Every layby in Kent is cluttered with lorries and they need somewhere to go, giving us the possibility of using that space proactively.”

Whitefinger

How much has this cost the council? What measures are in place to make sure workers are no longer at risk?

“The council paid a £250,000 fine following the case brought by the HSE. The HSE, after the court case, were required to come back a year and we have done all the things we should. We have just had the HSE visit and they were very happy.”

Cllr Wells was unable to comment on the compensation costs.

Dane Valley fountain

There was money pledged for renovation of the fountain. What’s happened to it?

“The fountain was listed Grade II on 22nd February 1972. Back in 2004 the council approached the Heritage Lottery Fund regarding grant money to get the fountain restored and working. The Lottery expressed an interest, so quotes were obtained which were in the region of in the region of £45,000. The Lottery needed Thanet District Council to match fund their contribution. Match funding was identified but, at the end of the 04/05 financial year, the match funding was taken away again – so the Lottery bid was never made.”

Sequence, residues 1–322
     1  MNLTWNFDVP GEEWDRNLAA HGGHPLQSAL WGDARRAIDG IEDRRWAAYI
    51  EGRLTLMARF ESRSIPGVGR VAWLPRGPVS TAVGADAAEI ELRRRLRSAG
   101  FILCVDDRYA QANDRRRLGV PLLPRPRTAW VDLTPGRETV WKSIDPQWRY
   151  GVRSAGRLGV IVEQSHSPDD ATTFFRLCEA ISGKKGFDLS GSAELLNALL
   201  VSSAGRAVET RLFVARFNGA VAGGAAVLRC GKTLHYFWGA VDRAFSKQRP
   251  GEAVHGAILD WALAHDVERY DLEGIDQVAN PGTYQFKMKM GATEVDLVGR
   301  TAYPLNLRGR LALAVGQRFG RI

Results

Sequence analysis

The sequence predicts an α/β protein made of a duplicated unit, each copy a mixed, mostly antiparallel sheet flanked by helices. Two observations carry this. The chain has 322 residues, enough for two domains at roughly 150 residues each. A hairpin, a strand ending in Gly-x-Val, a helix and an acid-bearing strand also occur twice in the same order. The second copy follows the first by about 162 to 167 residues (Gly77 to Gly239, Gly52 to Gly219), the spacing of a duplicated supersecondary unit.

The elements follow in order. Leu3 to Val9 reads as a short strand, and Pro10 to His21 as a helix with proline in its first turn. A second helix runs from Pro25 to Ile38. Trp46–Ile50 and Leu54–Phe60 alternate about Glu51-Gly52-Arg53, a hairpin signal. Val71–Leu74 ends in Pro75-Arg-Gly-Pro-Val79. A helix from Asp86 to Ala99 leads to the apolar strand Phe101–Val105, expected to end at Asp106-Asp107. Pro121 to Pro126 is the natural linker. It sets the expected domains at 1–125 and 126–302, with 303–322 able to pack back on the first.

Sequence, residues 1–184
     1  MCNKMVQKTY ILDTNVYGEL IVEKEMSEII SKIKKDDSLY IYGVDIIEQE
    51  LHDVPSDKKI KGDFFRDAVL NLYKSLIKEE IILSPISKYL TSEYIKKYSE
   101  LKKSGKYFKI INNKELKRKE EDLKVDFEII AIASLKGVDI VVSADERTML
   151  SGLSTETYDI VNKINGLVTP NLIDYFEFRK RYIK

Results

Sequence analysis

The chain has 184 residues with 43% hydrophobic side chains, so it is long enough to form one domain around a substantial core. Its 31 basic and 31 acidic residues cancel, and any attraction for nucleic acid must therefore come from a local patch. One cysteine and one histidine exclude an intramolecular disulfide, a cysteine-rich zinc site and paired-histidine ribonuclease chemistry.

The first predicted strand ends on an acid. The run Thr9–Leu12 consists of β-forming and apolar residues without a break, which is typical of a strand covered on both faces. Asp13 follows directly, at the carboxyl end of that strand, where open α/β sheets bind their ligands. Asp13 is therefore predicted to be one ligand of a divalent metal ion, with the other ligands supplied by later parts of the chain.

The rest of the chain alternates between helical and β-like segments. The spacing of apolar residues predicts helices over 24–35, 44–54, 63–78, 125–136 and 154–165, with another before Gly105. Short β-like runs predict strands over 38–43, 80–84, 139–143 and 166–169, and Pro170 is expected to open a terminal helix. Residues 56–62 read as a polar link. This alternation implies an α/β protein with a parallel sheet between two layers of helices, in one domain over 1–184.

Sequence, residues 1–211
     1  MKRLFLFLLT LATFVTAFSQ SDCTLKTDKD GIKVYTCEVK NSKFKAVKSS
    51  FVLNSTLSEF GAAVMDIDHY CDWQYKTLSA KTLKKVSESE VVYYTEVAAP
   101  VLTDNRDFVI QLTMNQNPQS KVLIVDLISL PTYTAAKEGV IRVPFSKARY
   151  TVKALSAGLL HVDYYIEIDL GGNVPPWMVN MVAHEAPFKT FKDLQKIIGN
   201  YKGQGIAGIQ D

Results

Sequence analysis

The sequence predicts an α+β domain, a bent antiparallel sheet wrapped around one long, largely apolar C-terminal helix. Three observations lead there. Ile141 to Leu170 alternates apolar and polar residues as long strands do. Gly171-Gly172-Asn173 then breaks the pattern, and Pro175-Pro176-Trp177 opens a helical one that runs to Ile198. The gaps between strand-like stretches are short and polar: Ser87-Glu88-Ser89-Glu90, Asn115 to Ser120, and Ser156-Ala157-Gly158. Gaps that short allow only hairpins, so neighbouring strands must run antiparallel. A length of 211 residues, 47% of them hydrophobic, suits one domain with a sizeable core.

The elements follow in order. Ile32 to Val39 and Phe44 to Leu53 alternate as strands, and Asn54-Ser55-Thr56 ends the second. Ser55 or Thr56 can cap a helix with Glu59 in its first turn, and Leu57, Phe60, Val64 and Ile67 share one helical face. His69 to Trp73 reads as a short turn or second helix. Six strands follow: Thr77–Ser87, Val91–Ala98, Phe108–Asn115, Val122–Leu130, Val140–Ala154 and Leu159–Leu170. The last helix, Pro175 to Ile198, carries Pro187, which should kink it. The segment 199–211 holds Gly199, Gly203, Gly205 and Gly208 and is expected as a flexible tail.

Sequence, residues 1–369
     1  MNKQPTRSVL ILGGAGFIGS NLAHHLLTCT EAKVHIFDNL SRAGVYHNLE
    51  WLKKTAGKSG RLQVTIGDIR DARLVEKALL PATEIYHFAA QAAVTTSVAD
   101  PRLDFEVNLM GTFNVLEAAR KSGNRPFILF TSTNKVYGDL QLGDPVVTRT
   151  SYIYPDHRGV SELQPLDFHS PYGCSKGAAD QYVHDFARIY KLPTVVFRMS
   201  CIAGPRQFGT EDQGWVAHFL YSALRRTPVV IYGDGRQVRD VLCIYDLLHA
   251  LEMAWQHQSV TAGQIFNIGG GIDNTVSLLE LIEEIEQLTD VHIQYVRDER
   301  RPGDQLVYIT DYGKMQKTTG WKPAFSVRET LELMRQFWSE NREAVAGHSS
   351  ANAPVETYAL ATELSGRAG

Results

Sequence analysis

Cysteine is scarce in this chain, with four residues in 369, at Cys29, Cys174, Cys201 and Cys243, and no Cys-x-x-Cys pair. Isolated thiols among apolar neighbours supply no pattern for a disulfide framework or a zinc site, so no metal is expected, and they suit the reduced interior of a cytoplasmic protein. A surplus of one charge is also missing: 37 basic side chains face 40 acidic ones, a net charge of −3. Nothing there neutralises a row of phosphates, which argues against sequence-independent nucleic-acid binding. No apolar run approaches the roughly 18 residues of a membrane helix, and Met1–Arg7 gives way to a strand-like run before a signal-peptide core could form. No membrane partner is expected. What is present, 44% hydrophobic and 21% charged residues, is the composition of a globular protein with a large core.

The Old Lookout

Photo Dean Spinks

What prompted TDC to advertise The Old Lookout in Broadstairs for rent at a commercial rate following renovation work carried out and paid for by the community? Will discussions be held with the community members who have brought this building back from its dilapidated state with the aim of reaching an agreement on a lesser rent?

“As a local authority we are required to get best value in all things we own. We worked very closely with the harbour group and they did lots of fantastic work. We cannot just give it to them, we have to test it in the market place. It is up to them to put in a bid and make a case. We have a community transfer policy and the community group could register it as an asset of community value and then there is a 6 month moratorium to raise funds.”